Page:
Chartwatch

With its $11.9bn purchase of Kite Pharma on Monday, Gilead is returning to familiar territory: it has acquired a potentially curative therapy that is expected to be among the most expensive of all time. After HIV and Hepatitis C, now Car-T treatment for cancer.

News round-up

Treatment begins at home African politicians seeking medical help abroad is shameful, and harms healthcare. (The Conversation)

The final frontier There is fresh discussion on how to connect research in outer space with applications on earth, including in global health. Report of a meeting at the UN Office for Outer Space Affairs. (IHP)

Sniffing out mosquitoes Researchers are developing appealing odours to lure mosquitoes away from humans, to cows for example, and so cut the risk of malaria transmission. (Science, Times)

On the edge Sex workers in Mozambique are providing health support to those at the margins of society. (Mosaic)

The value of BCG The old childhood vaccine for TB may provide protection for up to 20 years, according to a new study. (Guardian)

Blue dogs Why canines in Mumbai are turning an unusual colour. (NPR goats and soda)

Harvey’s aftermath Houston after the storm faces five public health crises, including mould. (The Hill)

Doctor deficit 5,159 GPs left the NHS in England between April 2016 and March 2017, reflecting a rising workload and underfunding. Recruitment agencies could be paid up to £100m by the NHS to find 5,000 new ones. (FT)

America’s neglected 300,000 people in the US have Chagas, where stigma — and the disease’s association with Latinos — keeps many from being diagnosed. (HuffPost)

Poor performance USAID’s largest health project is the $9.5bn Global Health Supply Chain — Procurement Supply Management contract. Only 7 per cent of shipments arrived on time and in full. (Devex)

Leadership deficit Women make up the vast majority of global health students in the US, but a minority of faculty and directors of institutes. Discrimination and the lack of role models help explain why. (Fogarty)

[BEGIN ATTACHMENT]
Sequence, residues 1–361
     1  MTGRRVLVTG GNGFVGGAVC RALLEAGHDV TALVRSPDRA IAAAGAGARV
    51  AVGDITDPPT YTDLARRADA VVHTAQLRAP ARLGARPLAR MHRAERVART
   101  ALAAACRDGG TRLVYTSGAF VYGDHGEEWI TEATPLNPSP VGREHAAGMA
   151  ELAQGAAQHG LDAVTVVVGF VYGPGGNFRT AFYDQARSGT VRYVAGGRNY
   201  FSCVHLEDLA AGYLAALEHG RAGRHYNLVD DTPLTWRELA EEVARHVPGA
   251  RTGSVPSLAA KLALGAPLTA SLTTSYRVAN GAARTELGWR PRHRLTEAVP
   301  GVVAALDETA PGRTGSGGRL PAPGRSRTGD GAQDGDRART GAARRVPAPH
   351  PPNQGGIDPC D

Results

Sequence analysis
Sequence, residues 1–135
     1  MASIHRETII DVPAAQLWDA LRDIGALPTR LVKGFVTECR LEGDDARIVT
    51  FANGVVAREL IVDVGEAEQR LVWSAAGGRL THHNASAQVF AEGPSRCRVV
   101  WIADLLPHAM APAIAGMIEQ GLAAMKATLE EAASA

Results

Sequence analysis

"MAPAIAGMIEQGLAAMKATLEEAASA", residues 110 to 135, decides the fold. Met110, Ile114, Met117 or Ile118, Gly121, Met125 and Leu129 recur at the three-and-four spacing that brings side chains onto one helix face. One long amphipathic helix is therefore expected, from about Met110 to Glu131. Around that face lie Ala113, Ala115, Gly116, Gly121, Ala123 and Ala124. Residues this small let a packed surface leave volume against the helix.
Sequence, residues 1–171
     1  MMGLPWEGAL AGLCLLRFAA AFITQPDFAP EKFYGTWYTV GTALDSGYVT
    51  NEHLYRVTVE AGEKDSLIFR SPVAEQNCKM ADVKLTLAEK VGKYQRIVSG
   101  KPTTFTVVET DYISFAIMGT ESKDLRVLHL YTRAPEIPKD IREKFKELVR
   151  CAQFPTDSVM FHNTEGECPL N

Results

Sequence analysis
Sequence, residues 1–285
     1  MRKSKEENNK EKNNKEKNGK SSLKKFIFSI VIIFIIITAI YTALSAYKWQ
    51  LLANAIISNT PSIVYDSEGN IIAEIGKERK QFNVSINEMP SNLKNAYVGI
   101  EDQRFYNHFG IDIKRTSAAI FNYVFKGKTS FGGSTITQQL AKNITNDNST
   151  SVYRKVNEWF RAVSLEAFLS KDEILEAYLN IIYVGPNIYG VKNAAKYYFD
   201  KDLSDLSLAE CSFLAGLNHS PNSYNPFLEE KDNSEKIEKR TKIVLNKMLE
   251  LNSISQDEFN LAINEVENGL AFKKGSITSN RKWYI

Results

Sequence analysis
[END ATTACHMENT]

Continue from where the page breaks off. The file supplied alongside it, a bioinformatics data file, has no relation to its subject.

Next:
Best from the journals

World Bank and health The institution plays a pivotal role in strengthening health systems, but carries the risks of further privatisation. There is also tension between its mandate and the right to health, which is at the heart of universal health coverage. (BMJ)

Quality diagnostics It is time for improved quality, consistency and monitoring in disease detection. (WHO Bulletin)

Care beyond the medical centre There is growing evidence regarding the efficacy, effectiveness, economics and clinical preferences of remote patient monitoring and telemedicine. (Lancet)

Food access and obesity A study on veterans showed that nearby supermarkets, fast-food restaurants or other large outlets had little effect on body mass index. (Health Affairs)

Parkinson’s treatment Monkeys implanted with neurons derived from stem cells showed sustained improvement after two years. (Nature)

Stem cell regulation call Very few stem cell therapies have proved to be safe and effective in clinical trials, yet there has been a global proliferation of clinics and associated businesses. (WHO Bulletin)

Podcast of the week

Hurricane Harvey and health costs. (KHN/What the health?)

In case you missed it

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Final thought

The big yawn Researchers suggest that contagious yawning is controlled by primitive reflexes in the primary motor cortex. There is little you can do about it — the study suggested that instructions not to mimic someone else yawning only made the likelihood of doing so stronger. (Current Biology)